Publication in Science 19 Oct 2018
A quantum internet may very well be the first quantum information technology to become reality. Researchers at QuTech in Delft, The Netherlands, today published a comprehensive guide towards this goal in Science. It describes six phases, starting with simple networks of qubits that could already enable secure quantum communications – a phase that could be reality in the near future. The development ends with networks of fully quantum-connected quantum computers. In each phase, new applications become available such as extremely accurate clock synchronization or integrating different telescopes on Earth in one virtual ‘supertelescope’. This work creates a common language that unites the highly interdisciplinary field of quantum networking towards achieving the dream of a world-wide quantum internet.
quantum internet will revolutionize communication technology by
exploiting phenomena from quantum physics, such as entanglement.
Researchers are working on technology that enables the transmission of
quantum bits between any two points on earth. Such quantum bits can be
‘0’ and ‘1’ at the same time, and can be ‘entangled’: their fates are
merged in such a way that an operation on one of the qubits instantly
affects the state of the other.
This brings two features which are provably out of reach for the Internet that we know today. The first is that entanglement allows improved coordination between distant sites. This makes it extremely suitable for tasks such as clock synchronization or the linking of distant telescopes to obtain better images. The second is that entanglement is inherently secure. If two quantum bits are maximally entangled, then nothing else in the universe can have any share in that entanglement. This feature makes entanglement uniquely suitable for applications that require security and privacy.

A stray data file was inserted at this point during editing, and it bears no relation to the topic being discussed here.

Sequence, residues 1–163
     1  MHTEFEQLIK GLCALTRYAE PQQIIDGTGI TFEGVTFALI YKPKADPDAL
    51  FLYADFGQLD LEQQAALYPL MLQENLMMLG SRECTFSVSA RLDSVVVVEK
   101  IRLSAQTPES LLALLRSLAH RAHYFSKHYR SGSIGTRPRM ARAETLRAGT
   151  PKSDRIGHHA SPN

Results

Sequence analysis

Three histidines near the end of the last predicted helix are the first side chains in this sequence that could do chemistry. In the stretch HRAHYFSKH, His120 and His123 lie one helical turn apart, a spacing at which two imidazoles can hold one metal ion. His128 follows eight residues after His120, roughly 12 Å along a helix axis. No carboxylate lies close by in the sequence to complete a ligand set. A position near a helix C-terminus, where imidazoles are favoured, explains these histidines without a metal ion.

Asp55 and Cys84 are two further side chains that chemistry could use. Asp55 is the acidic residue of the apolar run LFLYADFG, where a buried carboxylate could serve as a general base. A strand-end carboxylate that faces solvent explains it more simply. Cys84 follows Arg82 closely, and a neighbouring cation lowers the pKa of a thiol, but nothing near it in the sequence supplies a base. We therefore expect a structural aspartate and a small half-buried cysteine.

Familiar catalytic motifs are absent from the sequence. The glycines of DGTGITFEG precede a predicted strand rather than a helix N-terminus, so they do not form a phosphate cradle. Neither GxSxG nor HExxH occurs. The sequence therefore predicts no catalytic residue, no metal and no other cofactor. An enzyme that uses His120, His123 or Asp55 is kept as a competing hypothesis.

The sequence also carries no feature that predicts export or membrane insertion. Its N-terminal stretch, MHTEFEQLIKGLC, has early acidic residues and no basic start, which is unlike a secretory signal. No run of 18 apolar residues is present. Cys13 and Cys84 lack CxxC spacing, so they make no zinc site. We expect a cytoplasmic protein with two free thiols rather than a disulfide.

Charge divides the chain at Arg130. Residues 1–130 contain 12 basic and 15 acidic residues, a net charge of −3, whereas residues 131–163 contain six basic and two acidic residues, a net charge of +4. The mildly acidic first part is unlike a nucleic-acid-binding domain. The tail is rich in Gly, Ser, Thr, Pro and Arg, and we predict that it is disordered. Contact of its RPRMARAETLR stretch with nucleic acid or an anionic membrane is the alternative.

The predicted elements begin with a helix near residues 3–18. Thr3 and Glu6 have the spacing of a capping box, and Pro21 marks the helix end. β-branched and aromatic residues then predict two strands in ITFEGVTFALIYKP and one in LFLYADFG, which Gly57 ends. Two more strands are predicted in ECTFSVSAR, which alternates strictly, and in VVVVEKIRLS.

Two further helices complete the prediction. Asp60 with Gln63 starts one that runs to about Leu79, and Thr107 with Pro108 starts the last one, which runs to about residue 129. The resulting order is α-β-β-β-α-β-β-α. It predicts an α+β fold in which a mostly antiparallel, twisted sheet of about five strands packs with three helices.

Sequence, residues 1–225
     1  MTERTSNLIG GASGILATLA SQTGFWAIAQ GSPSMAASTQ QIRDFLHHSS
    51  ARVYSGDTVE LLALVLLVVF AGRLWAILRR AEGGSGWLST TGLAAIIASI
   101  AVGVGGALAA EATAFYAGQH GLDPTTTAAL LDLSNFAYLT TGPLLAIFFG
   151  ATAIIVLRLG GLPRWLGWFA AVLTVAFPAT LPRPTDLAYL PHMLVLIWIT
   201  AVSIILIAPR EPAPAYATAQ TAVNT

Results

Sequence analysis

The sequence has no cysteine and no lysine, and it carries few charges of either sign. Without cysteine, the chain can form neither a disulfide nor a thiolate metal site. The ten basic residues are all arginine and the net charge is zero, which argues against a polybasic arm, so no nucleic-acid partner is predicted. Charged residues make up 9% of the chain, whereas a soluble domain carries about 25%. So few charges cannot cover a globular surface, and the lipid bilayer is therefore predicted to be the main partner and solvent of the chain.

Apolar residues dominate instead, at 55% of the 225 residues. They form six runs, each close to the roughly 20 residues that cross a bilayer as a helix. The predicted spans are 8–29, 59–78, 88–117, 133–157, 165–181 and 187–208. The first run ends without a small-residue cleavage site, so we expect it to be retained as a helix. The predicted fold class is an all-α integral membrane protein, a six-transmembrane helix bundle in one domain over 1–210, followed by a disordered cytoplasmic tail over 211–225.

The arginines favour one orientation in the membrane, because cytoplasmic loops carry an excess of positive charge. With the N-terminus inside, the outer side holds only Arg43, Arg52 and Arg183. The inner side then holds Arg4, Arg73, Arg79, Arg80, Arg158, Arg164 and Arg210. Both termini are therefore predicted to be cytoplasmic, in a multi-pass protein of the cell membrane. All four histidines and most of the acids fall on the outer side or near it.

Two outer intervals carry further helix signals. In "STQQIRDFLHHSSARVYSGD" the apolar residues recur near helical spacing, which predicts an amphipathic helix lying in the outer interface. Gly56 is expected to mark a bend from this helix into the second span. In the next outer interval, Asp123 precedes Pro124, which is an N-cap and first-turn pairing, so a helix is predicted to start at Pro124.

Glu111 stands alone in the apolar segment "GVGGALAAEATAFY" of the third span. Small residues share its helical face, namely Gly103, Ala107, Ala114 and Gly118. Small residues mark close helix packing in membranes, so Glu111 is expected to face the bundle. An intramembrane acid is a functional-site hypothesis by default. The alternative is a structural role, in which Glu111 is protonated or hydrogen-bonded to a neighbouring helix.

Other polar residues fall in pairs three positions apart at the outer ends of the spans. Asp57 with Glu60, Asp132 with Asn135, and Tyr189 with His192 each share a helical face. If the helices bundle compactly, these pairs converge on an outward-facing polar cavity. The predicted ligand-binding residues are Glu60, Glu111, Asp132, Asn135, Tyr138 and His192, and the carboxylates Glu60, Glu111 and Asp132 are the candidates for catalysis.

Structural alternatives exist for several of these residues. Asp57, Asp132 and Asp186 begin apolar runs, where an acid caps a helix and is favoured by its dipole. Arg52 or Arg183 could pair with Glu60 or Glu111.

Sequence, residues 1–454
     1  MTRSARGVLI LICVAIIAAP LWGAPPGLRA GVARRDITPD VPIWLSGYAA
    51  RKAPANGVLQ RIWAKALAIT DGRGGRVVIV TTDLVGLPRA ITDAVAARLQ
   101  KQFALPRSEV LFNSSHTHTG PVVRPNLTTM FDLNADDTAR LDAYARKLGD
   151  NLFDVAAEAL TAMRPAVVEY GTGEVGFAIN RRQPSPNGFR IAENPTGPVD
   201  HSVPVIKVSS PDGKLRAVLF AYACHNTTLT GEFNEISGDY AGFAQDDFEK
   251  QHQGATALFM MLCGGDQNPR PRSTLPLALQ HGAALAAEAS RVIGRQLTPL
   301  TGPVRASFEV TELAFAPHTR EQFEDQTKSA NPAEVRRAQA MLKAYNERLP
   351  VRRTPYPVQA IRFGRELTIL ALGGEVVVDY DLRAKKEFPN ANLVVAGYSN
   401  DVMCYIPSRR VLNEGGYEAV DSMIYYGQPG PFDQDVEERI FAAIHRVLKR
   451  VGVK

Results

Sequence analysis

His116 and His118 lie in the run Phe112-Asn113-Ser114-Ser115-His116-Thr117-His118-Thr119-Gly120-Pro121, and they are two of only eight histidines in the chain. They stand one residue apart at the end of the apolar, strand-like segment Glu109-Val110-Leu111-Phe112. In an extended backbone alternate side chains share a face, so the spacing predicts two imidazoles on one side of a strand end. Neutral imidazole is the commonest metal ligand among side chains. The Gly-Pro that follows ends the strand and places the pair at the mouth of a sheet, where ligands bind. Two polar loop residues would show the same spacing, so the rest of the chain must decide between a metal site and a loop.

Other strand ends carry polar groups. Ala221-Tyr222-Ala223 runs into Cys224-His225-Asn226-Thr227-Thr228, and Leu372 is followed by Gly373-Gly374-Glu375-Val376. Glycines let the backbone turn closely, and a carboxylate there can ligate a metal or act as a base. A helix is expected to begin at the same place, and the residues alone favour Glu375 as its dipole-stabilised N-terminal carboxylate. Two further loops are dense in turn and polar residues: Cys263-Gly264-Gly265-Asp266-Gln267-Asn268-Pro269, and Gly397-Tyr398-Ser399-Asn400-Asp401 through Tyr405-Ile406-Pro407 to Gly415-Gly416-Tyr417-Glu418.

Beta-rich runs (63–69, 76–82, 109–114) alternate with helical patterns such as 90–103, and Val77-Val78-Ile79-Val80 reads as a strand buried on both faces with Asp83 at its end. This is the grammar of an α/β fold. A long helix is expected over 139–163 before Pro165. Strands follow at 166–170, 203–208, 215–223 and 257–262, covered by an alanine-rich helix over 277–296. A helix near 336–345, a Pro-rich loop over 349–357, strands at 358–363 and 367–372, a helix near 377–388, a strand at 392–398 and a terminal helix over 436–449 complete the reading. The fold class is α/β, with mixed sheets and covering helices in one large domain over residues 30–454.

other applications of a quantum internet are already known, and more
are likely to be discovered as the first networks come online.
Researchers at QuTech, a collaboration between Delft University of
Technology and the Netherlands organisation for applied scientific
research TNO have now set forth stages of quantum internet development
distinguished by technological capabilities and corresponding
The lowest stage of a true quantum network – a prepare and measure network – allows the end-to-end delivery of quantum bits between any two network nodes, one quantum bit at a time. This is already sufficient to support many cryptographic applications of a quantum network. The highest stage is the long-term goal of connecting large quantum computers on which arbitrary quantum applications can be executed.
addition to providing a guide to further development, the work sets
challenges both to engineering efforts and to the development of
applications. “On the one hand, we would like to build ever more
advanced stages of such at network”, says Stephanie Wehner, lead author
of the work, “On the other hand, quantum software developers are
challenged to reduce the requirements of application protocols so they
can be realized already with the more modest technological capabilities
of a lower stage.” Co-author Ronald Hanson adds: “This work establish a
much-needed common language between the highly interdisciplinary field
of quantum networking spanning physics, computer science and
The first true quantum networks, allowing the end-to-end transmission of quantum bits, are expected to be realized in the coming years, heralding the dawn of a large-scale quantum internet.